‘Return to Amish’ is a reality show and a spin-off of the TLC series ‘Breaking Amish.’ It follows the original cast members of the parent show as they return to their traditional Amish and Mennonite communities and try to readjust. The challenges that each of them faces are different since being accepted back into the community may not be easy.
TLC landed in hot water when reports started surfacing that the cast members had broken away from their roots long before the original series ‘Breaking Amish’ began airing. Contrary to what is documented in the parent show, it was not the first time the cast members were experiencing any of the things they did onscreen. Naturally, this also raised questions about ‘Return to Amish’ as people wondered how authentic the spin-off show is. Let’s find out for ourselves!
Is Return to Amish Scripted?
The credibility of ‘Return to Amish’ came into question since the viewers had not forgotten the misleading claims about Rebecca and Abe’s story. They pretended to get to know each other for the first time on ‘Breaking Amish,’ although reports surfaced that they had been romantically involved for a long time and even had a daughter together. To make matters worse, Jeremiah Raber’s ex-wife revealed that he had left the Amish community when he was 18 years old. Moreover, he was apparently divorced and already a father to three children when ‘Breaking Amish’ began airing.
The viewers accused TLC of falsely pitching ‘Breaking Amish’ since it made viewers believe that the cast members had never stepped out of their traditional communities before the show. The channel had an interesting response and said that ‘Breaking Amish’ never advertised itself on that basis. Hot Snakes Media addressed this matter in 2012 and told Variety, “Our Amish and Mennonite producers that we hired introduced us to Amish and Mennonite men and women who were already determined to leave. They had already made the decision to go out and see the world, with or without us. They courageously allowed us to follow them on this journey.”
While TLC said that all these discrepancies had been addressed in the episodes, it does not seem to be the case. Most of the discrepancies were addressed with the blanket explanation that it is common for Amish and Mennonite youngsters to venture out of their communities. Plus, this still did not justify all the inconsistencies, especially Rebecca and Abe’s relationship.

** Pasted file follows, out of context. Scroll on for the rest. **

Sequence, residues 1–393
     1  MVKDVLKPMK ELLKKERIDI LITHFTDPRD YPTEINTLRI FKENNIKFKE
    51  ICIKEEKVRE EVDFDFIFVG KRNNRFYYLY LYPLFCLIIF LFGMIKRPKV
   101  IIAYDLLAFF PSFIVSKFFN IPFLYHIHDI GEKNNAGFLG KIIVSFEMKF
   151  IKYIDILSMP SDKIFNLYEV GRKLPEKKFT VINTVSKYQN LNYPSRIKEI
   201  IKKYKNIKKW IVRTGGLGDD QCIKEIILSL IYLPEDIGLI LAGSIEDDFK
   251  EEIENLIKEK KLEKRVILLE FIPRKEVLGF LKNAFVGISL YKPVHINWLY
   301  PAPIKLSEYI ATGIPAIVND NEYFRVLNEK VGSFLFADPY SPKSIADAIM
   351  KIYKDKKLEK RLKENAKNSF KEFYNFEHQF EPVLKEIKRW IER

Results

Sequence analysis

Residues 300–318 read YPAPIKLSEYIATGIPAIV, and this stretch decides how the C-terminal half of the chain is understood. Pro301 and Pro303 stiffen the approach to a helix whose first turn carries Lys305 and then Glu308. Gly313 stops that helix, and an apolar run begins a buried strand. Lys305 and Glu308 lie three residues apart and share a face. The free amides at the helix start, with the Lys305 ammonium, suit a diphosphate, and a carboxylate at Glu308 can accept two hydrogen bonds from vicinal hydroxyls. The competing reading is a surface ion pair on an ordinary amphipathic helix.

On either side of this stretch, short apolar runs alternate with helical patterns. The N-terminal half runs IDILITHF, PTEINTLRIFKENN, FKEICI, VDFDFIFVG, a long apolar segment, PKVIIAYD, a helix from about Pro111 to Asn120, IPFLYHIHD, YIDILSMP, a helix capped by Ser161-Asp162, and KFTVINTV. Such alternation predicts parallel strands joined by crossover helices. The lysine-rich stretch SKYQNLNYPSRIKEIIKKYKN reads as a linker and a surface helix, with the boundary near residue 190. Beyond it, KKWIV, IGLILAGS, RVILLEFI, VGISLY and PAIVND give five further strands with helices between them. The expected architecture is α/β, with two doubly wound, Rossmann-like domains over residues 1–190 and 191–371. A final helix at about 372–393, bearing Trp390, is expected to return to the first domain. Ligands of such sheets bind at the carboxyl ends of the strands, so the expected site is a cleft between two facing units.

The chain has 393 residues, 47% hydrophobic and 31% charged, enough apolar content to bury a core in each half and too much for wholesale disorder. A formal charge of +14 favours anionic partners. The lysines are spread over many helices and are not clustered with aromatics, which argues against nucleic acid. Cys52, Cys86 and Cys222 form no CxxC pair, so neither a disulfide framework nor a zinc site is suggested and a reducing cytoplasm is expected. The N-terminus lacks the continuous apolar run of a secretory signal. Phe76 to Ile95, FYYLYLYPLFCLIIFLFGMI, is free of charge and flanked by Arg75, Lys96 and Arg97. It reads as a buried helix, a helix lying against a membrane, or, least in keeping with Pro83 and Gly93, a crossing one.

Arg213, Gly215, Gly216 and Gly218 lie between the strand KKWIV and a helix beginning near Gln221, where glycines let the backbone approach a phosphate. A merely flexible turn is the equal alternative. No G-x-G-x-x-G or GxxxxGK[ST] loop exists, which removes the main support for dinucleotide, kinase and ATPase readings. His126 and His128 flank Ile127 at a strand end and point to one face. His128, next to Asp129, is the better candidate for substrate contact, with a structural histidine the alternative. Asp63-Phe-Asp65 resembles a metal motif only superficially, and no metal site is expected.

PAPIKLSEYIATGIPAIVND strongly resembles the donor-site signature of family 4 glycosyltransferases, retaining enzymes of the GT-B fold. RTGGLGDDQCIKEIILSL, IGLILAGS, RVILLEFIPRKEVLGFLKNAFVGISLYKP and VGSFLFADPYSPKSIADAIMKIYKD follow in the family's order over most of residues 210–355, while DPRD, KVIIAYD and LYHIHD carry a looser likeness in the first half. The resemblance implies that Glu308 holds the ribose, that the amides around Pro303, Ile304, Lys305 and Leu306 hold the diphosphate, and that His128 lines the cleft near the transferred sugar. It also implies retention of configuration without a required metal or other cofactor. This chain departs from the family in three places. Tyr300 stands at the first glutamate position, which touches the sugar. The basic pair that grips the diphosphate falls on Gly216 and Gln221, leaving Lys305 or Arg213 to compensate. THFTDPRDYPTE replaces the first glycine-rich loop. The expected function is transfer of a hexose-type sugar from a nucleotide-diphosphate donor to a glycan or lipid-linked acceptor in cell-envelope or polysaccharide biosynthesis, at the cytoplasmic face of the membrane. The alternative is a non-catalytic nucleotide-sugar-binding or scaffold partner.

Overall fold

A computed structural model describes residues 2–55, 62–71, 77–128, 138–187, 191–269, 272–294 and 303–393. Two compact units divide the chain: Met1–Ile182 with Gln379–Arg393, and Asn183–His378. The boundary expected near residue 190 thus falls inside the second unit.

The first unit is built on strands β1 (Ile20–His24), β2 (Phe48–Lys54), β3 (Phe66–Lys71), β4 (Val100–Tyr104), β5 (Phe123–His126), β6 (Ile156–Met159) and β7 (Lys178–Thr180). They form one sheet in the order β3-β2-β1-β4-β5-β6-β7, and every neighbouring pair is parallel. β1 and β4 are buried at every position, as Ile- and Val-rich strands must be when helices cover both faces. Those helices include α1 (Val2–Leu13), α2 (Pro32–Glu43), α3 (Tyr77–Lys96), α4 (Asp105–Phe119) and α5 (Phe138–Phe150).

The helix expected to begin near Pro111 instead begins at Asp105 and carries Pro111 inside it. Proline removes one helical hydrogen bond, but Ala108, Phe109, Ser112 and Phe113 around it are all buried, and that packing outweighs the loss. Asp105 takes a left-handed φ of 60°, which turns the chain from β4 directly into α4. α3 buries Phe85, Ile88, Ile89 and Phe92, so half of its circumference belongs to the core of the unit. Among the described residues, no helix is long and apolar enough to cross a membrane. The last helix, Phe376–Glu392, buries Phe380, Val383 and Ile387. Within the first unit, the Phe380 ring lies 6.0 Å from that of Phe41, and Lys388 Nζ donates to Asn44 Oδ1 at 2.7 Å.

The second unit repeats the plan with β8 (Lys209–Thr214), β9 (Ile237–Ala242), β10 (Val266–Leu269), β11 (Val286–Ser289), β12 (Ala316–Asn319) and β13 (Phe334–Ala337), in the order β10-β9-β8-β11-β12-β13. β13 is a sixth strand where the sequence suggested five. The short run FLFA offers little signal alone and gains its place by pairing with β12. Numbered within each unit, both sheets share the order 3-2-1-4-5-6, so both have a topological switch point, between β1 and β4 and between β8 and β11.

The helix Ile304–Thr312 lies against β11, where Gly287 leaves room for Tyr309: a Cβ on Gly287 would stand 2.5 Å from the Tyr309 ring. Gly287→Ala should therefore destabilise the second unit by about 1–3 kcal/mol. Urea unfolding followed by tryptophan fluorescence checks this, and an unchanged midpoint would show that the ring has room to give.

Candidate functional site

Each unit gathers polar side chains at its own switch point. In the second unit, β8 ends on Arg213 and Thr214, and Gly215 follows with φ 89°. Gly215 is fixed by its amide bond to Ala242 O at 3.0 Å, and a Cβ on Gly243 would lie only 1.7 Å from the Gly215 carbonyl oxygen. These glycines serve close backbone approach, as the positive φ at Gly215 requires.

In 2016, cast member Kate Stoltz revealed on Twitter some problematic aspects of filming the two shows. Her tweets were later removed, but she claimed that the producers coached them on how to respond to questions. Kate further alleged that the producers were “relentless” and asked the same questions repeatedly till they were satisfied with their responses. According to her, this process usually ended with people either crying or giving them “the answer they want.” Kate also pointed fingers at the editing process of the show. She brought to light how her interview with Cynthia Rowley was depicted out of context and led viewers to believe that she had a negative experience at the interview.
Jeremiah had claimed that a significant portion of the series is scripted since a considerable part of it is planned before filming. This could also explain the controversy around Chapel’s cancer story. The viewers were made to believe that Chapel’s cancer was back, although it was supposedly in remission at the time. The storyline stirred up a lot of trouble, and some viewers even questioned if Chapel had cancer at all.
Naturally, she did not take this well, and castmate Sabrina came to her rescue and slammed the critics for judging a person who was already going through a rough time. However, it seems that these rumors about Chapel’s cancer being fake may be an unfortunate result of the producers making the cast members re-enact events that had already happened in the past; this falls in line with Jeremiah’s statement. Therefore, all these factors point to the possibility that the reality series ‘Return to Amish’ may not be an accurate reflection of reality after all.
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